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Lettings - Ask the expert June 2017

We have always let our own cottages in the past, however there seems a lot of new legislation. How does this affect me?

Until five years ago if you could organise, ensure the right contract and paper trail were in place, there would be no reason why a landlord couldn’t let his own property. However so much legislation has been imposed on the letting sector in recent years, it is no longer worth the risk.

As of February 2016 landlords or letting agents representing them, have to make sure that their tenants have the “Right to Rent.” Those found to be leasing homes in England without their tenants, or the inhabitants of your property having a Right to Rent could be fined up to £3,000 per occupier. It's very important that ALL occupiers over 18 are checked, not just tenants.

From December 1st 2016, the government introduced additional penalties and offences relating to Right to Rent. Landlords now face potential imprisonment for failure to check the occupier's Right to Rent status. Having an independent agent carrying out these checks relieves the landlord, which can be particularly helpful where the tenant is desperate to live in the locality, a friend of a friend, or a local employee.

Furthermore, the Equality Act 2010 prohibits discrimination on grounds of race (this includes colour, nationality and ethnic or national origins) so landlords must not discriminate against prospective occupiers, as a result, landlords need to check everyone or risk civil penalties for discrimination later on.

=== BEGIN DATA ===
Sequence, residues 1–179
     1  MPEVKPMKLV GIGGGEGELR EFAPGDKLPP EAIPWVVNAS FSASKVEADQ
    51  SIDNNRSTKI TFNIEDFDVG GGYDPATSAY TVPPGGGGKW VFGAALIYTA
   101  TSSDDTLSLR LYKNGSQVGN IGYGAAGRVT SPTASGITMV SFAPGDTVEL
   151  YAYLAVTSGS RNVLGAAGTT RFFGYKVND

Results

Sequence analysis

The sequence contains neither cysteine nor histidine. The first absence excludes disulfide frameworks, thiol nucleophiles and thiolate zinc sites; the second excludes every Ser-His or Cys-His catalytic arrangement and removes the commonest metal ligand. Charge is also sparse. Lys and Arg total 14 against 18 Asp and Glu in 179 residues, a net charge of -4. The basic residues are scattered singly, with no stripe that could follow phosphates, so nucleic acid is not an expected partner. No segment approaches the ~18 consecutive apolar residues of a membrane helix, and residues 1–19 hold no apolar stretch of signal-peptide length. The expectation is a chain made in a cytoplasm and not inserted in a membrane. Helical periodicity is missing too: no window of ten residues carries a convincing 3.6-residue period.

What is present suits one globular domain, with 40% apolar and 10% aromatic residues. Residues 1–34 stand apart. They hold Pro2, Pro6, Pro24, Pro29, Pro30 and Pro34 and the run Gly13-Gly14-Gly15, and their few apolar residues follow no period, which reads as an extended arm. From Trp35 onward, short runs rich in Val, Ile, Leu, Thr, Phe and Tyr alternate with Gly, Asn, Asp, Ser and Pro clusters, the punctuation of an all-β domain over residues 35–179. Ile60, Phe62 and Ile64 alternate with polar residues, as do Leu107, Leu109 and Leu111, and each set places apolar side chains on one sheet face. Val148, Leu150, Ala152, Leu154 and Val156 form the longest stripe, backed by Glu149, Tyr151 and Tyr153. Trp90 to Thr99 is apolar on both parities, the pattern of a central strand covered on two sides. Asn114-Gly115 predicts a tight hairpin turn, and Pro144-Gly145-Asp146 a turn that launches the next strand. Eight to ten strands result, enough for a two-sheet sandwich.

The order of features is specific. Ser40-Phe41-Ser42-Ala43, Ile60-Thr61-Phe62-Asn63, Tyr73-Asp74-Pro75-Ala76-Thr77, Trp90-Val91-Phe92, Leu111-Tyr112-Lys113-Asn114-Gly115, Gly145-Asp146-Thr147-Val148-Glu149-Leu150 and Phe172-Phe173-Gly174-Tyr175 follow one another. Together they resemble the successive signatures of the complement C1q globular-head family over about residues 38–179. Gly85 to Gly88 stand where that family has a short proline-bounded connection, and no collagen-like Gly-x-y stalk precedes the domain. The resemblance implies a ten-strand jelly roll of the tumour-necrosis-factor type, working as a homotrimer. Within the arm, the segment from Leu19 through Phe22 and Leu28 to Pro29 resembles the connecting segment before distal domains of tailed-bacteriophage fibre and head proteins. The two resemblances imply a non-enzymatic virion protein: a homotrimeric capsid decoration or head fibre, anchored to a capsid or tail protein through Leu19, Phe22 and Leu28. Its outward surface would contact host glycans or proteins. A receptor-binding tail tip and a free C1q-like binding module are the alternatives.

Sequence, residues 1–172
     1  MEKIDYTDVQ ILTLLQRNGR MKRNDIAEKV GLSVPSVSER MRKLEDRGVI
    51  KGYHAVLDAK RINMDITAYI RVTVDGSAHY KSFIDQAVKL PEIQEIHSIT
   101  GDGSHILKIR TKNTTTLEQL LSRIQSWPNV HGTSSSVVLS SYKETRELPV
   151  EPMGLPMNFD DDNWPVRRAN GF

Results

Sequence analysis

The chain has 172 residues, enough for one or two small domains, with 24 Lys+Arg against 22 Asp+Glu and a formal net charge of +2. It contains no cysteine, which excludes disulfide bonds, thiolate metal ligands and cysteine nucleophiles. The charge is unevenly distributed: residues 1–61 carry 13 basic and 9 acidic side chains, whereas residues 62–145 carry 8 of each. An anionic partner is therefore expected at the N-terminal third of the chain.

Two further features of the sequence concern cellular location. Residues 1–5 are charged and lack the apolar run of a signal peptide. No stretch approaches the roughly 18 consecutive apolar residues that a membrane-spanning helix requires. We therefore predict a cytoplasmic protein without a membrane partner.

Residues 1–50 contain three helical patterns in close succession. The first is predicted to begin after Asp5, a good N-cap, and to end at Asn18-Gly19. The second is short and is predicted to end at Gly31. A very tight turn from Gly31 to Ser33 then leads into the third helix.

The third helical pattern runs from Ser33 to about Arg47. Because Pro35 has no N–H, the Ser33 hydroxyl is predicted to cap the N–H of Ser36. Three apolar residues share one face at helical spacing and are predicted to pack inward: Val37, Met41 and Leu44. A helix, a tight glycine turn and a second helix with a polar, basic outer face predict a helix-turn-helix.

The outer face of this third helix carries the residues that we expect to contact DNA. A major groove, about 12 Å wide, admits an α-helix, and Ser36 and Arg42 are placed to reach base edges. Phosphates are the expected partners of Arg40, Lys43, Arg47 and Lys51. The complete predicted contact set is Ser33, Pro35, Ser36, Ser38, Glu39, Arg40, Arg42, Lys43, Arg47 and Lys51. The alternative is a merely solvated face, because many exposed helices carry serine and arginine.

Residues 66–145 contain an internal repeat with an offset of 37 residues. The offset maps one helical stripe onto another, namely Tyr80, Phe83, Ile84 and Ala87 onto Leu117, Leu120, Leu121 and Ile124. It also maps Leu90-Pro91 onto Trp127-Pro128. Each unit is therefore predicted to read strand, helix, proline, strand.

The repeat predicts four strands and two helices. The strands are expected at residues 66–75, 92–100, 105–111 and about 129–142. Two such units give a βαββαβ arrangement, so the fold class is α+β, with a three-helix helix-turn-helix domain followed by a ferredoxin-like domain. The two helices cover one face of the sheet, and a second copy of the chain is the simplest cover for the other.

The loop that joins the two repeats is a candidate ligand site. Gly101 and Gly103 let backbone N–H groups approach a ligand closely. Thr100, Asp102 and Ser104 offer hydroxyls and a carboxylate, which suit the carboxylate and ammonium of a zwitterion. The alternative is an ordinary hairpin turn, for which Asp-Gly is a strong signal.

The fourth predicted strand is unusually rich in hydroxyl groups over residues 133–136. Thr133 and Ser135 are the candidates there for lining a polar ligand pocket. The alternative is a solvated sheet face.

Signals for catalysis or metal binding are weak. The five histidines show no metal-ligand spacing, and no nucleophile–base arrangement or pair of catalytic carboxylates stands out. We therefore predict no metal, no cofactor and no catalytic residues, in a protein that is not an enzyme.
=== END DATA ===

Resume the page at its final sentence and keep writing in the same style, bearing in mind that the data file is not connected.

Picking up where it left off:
Letting legislation has changed so quickly, there are simply too many traps for DIY landlords, from the mandatory Deposit protection, to regulations surrounding the installation and maintenance of smoke and carbon monoxide alarms, plus gas safety certificates, Legionella Risk Assessments and it is anticipated that compulsory Electrical checks will be next on the list. At Balfours we can manage the letting process then, should you prefer, leave you to undertake the day to day management – we would simply provide prompts of necessary action.

Of course Welsh landlords must now operate under “Rent Smart Wales,” which means undertaking training to handle any aspect of letting. Today letting requires specialist knowledge which is continually being updated.

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